Sunscreen For Your Skin
Do you know how much sunscreen to use to protect yourself from the sun’s harmful rays? If you haphazardly rub some onto your skin and hope for the best, you could very well be putting your skin in danger.
What Do Sunscreen Numbers and +++ Mean?
We may need a little exposure to the sun to get our vitamin D fix but too much sun can be bad for your skin.
SPF and Sunscreen Ratings
Choosing a sunscreen is critical for shielding you from the sun’s ultraviolet (UV) rays. Here we explain what SPF (Sun Protection Factor) means and the meaning behind those numbers.
A sunscreen’s SPF refers to its ability to shield you from the sun’s UV rays. It takes about 10-20 minutes without sunscreen for your skin to start burning. An SPF 15 product would prevent that for 15 times longer.
However, that doesn’t mean you will remain fully protected for that 5 hours. Dermatologists highly recommend reapplying sunscreen every 2-4 hours as sunscreen can rub off or get washed off in the water.
It is also a common misunderstanding that SPF 30 is twice as good as SPF 15. This is what it means:
- SPF 15 blocks out about 94% of the sun’s dangerous rays
- SPF 30 blocks out about 97% of such rays
- SPF 50 blocks out about 98% of the sun’s rays
Protection Grade of UVA Rays
What about the PA+++ rating on your sunscreen along with the SPF level? Some may not have seen it while others were likely confused by it. SPF indicates the level of protection from UVB rays while PA indicates the level of protection from UVA rays.
PA stands for Protection Grade of UVA rays used to measure the SPF of a sunscreen. Protective grade of sunscreen is often labelled as PA+, PA++, and PA+++, with the more plus signs, the more protection you get from UVA rays.
Many products in the market may be labelled as “broad-spectrum” but they do not give effective protection against UVA rays. If you are wondering what the difference between UVA and UVB rays is, here’s what they mean:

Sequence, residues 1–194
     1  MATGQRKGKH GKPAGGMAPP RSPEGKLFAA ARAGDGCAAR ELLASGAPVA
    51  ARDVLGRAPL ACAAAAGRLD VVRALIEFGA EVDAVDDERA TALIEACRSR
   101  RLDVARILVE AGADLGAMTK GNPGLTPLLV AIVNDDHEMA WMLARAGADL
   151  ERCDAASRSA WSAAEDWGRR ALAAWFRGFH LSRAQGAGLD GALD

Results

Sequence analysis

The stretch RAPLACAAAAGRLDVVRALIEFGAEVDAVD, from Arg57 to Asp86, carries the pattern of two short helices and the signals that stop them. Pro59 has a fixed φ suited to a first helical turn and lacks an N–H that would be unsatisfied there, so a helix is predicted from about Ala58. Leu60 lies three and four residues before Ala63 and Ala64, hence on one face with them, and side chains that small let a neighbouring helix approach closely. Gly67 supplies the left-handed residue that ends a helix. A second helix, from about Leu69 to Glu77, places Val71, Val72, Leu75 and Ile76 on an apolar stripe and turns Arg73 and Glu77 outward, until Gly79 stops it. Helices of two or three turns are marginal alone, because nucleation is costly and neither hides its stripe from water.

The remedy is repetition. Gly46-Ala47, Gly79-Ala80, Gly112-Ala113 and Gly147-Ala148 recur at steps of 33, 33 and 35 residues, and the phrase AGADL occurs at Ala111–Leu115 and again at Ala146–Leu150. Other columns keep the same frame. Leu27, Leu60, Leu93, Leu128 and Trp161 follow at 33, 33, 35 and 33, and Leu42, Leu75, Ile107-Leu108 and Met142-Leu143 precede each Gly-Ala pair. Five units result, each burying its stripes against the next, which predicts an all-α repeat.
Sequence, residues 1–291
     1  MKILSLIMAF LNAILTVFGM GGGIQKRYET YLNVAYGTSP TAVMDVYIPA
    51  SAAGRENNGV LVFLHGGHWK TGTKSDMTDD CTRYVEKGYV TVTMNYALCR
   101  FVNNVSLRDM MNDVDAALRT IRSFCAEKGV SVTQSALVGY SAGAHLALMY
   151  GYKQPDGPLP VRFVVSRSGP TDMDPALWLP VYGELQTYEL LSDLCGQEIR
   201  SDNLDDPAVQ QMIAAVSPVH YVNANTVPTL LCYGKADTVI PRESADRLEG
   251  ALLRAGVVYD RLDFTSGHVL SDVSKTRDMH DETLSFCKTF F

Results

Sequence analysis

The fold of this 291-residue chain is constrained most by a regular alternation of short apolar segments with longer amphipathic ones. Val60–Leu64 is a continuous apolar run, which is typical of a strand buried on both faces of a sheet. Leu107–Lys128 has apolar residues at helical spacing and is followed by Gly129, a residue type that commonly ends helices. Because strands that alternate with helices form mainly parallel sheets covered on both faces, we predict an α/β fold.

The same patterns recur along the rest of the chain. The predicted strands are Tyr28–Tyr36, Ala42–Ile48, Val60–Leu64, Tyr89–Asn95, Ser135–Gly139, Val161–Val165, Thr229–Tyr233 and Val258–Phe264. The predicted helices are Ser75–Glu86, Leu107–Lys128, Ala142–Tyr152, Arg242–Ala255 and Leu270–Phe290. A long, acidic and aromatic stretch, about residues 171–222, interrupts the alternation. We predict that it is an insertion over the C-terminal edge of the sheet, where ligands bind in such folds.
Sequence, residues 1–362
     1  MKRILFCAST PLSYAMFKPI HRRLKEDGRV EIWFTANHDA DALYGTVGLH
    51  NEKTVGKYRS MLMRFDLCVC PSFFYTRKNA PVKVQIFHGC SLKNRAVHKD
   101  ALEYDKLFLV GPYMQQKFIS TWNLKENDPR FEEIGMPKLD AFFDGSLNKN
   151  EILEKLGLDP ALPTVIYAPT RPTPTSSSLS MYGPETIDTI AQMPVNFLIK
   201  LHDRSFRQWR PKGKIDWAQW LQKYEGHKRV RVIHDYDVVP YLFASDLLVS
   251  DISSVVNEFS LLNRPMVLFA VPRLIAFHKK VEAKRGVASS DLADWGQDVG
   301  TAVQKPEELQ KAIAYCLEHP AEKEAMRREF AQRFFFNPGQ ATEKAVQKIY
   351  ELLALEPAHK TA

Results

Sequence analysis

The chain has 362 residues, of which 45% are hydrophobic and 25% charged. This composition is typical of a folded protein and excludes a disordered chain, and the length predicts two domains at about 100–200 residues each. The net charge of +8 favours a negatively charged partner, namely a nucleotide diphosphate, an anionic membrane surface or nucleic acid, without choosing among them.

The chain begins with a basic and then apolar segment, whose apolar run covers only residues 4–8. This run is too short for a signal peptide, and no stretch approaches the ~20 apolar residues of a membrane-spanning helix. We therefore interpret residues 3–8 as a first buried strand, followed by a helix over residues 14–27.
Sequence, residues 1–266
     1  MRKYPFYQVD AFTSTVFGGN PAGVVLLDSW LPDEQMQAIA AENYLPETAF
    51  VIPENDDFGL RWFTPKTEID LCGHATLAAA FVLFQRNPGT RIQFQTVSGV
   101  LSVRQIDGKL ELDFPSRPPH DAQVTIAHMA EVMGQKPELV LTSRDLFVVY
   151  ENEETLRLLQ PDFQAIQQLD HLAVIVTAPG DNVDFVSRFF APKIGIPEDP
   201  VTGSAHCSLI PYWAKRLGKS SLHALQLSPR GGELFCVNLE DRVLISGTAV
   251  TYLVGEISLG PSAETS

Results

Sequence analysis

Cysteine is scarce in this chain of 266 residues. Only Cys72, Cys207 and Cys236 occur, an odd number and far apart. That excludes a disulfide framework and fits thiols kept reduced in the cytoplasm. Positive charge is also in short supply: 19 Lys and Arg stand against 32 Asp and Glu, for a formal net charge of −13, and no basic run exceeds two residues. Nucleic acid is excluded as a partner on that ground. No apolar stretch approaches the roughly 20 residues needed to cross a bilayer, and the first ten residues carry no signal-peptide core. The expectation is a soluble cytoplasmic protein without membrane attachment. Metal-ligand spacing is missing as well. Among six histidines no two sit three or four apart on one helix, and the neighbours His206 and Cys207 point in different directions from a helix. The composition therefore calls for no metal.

- UVA rays can cause permanent ageing of the skin
- UVB rays can cause sunburn and contribute to skin cancer
So it is always important to use sunscreen that protects you from both the UVA and UVB radiation.
Ask the Expert: How Much Sunscreen Should I Use on My Face and Body?
Most people don’t apply enough sunscreen, which explains the undesirable sunburns and tanning. And a lack of sunscreen on your skin while you’re out in the hot sun is like using sunscreen with too little SPF protection. But how much sunscreen would we need to use on our bodies?
All sunscreens are manufactured with an SPF-rating based on the assumption that people will use 2 milligrams of cream per square centimetre of skin. However, most people only apply about 40% of that amount. The result? Sunburn and sun damage.
Measuring out 2 milligrams of sunscreen can be a confusing. Researchers have converted that measurement into something we can all understand: the teaspoon and the tablespoon. According to the NHS, we need at least 2 teaspoons worth of sunscreen for your face, neck and shoulders and 2 tablespoons worth of sunscreen for the rest of your body.
You will need to reapply sunscreen every two hours or more frequently after heavy perspiration, swimming, or towelling off. For adequate protection, go for SPF 15. If you spend a lot of time outdoors, go for SPF 30 or SPF 50. Ensure that your sunscreen says “broad-spectrum” on the label, which means that the product will protect against both UVA and UVB rays.
Multi-Protection UV Defense Broad Spectrum SPF50+ PA++++ by Elysyle helps to protect, detoxify, repair and strengthen the skin’s defensive power. Its ultra-light-weight lotion formula is water-resistant, anti-perspiring functions, an 8x filtering and defense system helps to protect the skin from UVA and UVB rays that can cause inflammation of the skin, sunburns and skin darkening. We highly recommend that you apply sufficiently on your skin for optimal protection.
In addition to using sunscreen, you should seek shade wherever possible and wear sun-protective clothing, broad-brimmed hats, and UV-blocking sunglasses.